What is going on with house prices?
House prices rose for the fourth consecutive month in October but remain down 4.7% on an annual basis, according to the latest survey from Halifax.
Both surveys show a rise in values in October. According to Halifax, the value of the average property lifted 1.2% last month to £165,528 amid stronger demand, the low level of homes on the market and a pick-up in consumer confidence.
However, according to Nationwide, prices rose by just 0.4% in October brining the average property to £162,038 – 2% higher than a year earlier.
Both Nationwide and Halifax take an average of property valuations at the point at which a mortgage offer is made, and include homes from across the UK adjusted to factor in the season of the year and filter out ‘micro-markets’.
But, even though they use the same criteria, the two lenders do not always achieve the same results.
One thing both lenders appear to agree on is that house price rises are not sustainable.
Martin Gahbauer, chief economist at Nationwide, says: “It appears that actual house price inflation has moved somewhat ahead of what was indicated by consumer expectations. This could signal a period of moderation in house price inflation ahead, which is fully consistent with October’s less pronounced increase in prices.”
One factor continually blamed for the weak housing market has been the low levels of mortgage approvals. This has improved in recent months; figures from the Bank of England last week revealed that the number of home loans approved rose by 3,000 to 56,000 in September – the highest level since March last year and the 10th consecutive monthly rise.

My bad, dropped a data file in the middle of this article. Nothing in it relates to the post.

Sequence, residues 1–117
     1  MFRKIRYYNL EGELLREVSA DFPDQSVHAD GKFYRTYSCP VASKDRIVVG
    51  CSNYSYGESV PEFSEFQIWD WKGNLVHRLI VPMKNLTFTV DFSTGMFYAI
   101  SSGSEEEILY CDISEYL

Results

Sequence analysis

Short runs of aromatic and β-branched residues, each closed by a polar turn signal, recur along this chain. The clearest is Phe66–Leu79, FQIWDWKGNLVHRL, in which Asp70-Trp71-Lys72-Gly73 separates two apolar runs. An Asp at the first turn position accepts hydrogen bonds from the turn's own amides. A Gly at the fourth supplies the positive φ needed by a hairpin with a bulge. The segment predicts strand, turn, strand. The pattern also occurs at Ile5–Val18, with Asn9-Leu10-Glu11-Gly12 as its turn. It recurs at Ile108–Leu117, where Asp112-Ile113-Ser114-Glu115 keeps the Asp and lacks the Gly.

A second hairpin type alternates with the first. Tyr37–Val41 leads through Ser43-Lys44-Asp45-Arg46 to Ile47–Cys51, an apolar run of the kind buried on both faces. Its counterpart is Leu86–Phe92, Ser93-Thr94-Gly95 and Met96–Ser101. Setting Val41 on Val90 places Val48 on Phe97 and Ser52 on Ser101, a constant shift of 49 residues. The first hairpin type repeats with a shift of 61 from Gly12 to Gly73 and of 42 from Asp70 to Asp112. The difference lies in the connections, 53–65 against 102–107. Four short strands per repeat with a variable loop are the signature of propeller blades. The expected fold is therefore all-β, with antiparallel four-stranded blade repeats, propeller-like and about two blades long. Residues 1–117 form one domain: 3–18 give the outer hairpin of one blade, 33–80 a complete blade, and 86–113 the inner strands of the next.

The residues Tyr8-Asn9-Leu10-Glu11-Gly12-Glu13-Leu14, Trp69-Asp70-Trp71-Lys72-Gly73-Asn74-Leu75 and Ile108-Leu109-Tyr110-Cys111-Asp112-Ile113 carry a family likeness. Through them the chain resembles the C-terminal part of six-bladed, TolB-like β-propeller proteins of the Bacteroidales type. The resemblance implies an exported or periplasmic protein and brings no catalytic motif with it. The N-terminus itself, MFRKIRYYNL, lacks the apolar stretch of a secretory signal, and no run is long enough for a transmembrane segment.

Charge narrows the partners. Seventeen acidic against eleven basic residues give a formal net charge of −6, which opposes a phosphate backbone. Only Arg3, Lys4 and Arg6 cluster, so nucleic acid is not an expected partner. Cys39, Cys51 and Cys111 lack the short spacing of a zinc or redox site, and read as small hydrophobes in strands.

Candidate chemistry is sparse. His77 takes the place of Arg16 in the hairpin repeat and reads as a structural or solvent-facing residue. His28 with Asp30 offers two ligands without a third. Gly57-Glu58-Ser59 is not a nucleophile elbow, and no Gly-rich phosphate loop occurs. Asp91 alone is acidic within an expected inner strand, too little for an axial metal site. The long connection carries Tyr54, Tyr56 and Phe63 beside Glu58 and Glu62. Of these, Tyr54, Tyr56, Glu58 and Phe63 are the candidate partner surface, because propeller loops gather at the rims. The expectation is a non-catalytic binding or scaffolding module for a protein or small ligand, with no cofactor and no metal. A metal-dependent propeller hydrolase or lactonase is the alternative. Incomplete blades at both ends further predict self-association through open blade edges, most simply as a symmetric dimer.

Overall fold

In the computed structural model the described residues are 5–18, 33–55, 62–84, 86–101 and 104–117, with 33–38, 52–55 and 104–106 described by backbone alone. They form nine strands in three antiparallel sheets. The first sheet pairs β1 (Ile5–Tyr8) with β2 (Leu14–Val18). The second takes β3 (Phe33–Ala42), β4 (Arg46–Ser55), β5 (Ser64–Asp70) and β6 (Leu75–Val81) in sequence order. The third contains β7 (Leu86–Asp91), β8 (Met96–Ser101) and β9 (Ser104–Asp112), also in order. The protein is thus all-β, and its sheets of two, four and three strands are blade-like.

However, Martin Ellis, housing economist at Halifax, is not convinced this will be enough to support house price inflation, as activity remains "very low".
He adds: "There are some indications that more people are deciding to put their homes on the market, encouraged by the recent improvement in market conditions. A continuation of this trend could help to improve the balance between supply and demand, curbing the strength of the stimulus to house prices resulting from the current imbalance."
Gahbauer points out that the pick-up in mortgage approvals for house purchases - which has been helping to bolster property values - has lost some momentum in recent months.
External house experts agree. Howard Archer, chief economist at IHS Global Insight, remains cautious of the housing market 'recovery'.
He says: “Despite the further significant rise in house prices reported by Halifax in October, we remain highly doubtful that the house price rally seen since early-2009 can be sustained for much longer."
Despite low interest rates helping keep mortgage cheap, Howard warns that rising unemployment and stagnant earnings growth will hold property prices back.
An increase in the general level of prices that persists over a period of time. The inflation rate is a measure of the average change over a period, usually 12 months. If inflation is up 4%, this means the price of products and services is 4% higher than a year earlier, requiring we spend and extra 4% to buy the same things we bought 12 months ago and that any savings and investments must generate 4% (after any taxes) to keep pace with inflation. Since 2003, the Bank of England has used the consumer prices index (CPI) as its official measure of inflation (see also retail prices index).
This is a mutual organisation owned by its members and not by shareholders. These societies offer a range of financial services but have historically concentrated on taking deposits from savers and lending the money to borrowers as mortgages, hence the name. In the mid-1990s many societies “demutualised” and became banks. One academic study (Heffernan, 2003) found demutualised societies’ pricing on deposits and mortgages was more favourable to shareholders than to customers, with the remaining mutual building societies offering consistently better rates. In 1900, there were 2,286 building societies in the UK; in 2011, there are just 51.